Affective Deliberation: Toward a Humean Account of Practical Reasons

Dissertation, Rutgers the State University of New Jersey - New Brunswick (2000)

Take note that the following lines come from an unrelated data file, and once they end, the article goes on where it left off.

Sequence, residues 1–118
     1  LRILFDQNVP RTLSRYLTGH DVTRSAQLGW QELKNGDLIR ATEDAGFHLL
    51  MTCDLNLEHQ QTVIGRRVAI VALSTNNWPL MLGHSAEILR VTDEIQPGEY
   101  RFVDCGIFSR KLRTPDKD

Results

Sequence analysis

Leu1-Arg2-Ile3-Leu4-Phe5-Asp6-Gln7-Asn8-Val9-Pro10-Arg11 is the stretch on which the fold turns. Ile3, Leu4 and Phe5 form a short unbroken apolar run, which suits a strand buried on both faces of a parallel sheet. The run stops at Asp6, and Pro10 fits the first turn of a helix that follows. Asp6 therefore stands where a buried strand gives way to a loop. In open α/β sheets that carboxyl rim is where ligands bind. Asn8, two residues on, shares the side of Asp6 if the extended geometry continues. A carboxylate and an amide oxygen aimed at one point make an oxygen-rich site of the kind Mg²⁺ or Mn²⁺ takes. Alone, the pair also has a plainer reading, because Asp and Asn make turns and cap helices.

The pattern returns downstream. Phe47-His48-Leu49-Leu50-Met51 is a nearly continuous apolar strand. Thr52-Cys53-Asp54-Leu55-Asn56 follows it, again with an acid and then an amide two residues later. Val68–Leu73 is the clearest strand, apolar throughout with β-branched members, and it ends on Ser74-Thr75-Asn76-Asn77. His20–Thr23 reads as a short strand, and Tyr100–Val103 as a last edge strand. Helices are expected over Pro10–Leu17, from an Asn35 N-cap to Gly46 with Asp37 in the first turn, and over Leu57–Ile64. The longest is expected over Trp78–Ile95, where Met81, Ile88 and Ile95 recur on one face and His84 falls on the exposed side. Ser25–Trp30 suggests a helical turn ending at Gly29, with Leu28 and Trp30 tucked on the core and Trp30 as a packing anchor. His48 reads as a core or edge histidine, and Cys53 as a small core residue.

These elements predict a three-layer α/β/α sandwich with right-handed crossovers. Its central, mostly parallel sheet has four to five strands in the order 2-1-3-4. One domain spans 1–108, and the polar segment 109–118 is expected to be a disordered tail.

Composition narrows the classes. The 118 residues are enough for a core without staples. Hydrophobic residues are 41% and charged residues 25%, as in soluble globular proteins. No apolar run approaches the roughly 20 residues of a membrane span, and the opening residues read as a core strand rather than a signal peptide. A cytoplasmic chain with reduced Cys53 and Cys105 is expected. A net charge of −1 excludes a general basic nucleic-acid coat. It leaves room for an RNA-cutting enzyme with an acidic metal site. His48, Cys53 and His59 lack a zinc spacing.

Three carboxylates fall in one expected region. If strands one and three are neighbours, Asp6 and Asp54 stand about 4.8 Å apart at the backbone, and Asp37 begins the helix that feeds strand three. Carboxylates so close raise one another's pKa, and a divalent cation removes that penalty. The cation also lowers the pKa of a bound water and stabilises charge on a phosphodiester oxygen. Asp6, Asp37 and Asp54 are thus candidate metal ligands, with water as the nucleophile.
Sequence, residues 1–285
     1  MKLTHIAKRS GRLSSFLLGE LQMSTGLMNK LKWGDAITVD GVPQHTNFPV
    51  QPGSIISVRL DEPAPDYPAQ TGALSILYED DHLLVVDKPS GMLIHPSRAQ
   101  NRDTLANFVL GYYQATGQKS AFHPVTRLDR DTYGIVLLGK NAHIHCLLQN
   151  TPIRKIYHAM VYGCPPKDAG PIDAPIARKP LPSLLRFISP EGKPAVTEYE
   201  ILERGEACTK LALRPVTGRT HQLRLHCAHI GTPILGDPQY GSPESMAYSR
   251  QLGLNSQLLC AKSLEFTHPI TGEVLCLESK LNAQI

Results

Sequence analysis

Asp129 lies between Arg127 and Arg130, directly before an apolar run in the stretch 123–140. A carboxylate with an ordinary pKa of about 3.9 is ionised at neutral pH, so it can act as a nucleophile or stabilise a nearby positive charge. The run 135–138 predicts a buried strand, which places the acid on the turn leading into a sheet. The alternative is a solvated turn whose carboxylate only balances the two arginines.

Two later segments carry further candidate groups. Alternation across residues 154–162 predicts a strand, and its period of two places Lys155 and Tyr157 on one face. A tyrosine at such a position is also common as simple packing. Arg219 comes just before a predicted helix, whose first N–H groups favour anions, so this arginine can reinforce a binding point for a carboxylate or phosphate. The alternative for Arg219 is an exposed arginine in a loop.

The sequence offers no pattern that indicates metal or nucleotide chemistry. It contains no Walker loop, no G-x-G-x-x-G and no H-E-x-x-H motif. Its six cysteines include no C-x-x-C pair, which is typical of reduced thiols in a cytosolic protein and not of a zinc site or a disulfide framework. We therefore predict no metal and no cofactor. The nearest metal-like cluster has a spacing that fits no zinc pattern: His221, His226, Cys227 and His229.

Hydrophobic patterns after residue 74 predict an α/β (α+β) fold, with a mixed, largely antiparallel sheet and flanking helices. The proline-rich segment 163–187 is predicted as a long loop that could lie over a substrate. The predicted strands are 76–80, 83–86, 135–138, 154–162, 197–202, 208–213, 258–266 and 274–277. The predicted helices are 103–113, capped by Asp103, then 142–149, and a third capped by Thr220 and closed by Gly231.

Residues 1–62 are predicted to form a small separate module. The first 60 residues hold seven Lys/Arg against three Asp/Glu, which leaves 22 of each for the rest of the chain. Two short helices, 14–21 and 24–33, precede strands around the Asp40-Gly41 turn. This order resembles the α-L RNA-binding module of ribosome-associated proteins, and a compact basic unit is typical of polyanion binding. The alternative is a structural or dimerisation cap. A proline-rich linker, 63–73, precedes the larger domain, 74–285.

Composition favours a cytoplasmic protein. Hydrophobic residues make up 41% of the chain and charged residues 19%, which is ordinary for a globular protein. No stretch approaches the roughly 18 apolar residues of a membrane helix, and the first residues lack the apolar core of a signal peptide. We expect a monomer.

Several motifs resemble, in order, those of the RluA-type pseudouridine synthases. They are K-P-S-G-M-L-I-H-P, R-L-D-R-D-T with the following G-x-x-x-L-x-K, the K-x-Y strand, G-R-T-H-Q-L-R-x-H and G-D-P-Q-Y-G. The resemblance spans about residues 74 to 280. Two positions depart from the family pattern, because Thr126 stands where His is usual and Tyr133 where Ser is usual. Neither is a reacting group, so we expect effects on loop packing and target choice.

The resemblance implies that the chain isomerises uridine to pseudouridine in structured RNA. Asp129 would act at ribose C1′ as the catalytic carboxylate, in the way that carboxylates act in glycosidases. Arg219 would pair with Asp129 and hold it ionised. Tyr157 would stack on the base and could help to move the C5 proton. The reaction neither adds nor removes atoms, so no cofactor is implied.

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On a Humean account, a person's reasons for action are determined by her desires---in the broadest sense of 'desires', that is, noncognitive pro-attitudes. In four essays, I defend this account against several prominent objections. The first essay addresses the concern that the Humean cannot account for rationalizing reasons . The next three essays concern justifying reasons : reasons for action that are more fully normative than those that merely make action intelligible. Instrumental reasons, prudential reasons, and intrinsic reasons are three different sorts of reasons to which an agent can appeal in justifying her action. ;Each essay focuses on a specific attack against the Humean account. In the second essay I argue that the normatively of instrumental reasons is brute ; and that, contrary to the received view, this is compatible with Humeanism. In the third essay I consider prudential reasons and defend the Humean claim that all and only present concerns provide normative reasons for action. In the final essay I address the fundamental question considerations of deliberative relevance: what makes certain desires and considerations relevant to a specific decision-making context, that is, what puts them among a person's present active reasons. ;In addition to defending a broadly Humean account of practical reasons, I am concerned to expand the components of a plausible form of Humeanism. Specifically, I argue that desires alone are not always sufficient to ground an agent's reasons, and that affective states are sometimes also necessary. I call this view "thick Humeanism". In essays one and four especially, I urge that a central place be given to affective states in determining practical reasons. I also invoke recent studies in cognitive psychology to support my claims about the role of the emotions in practical deliberation
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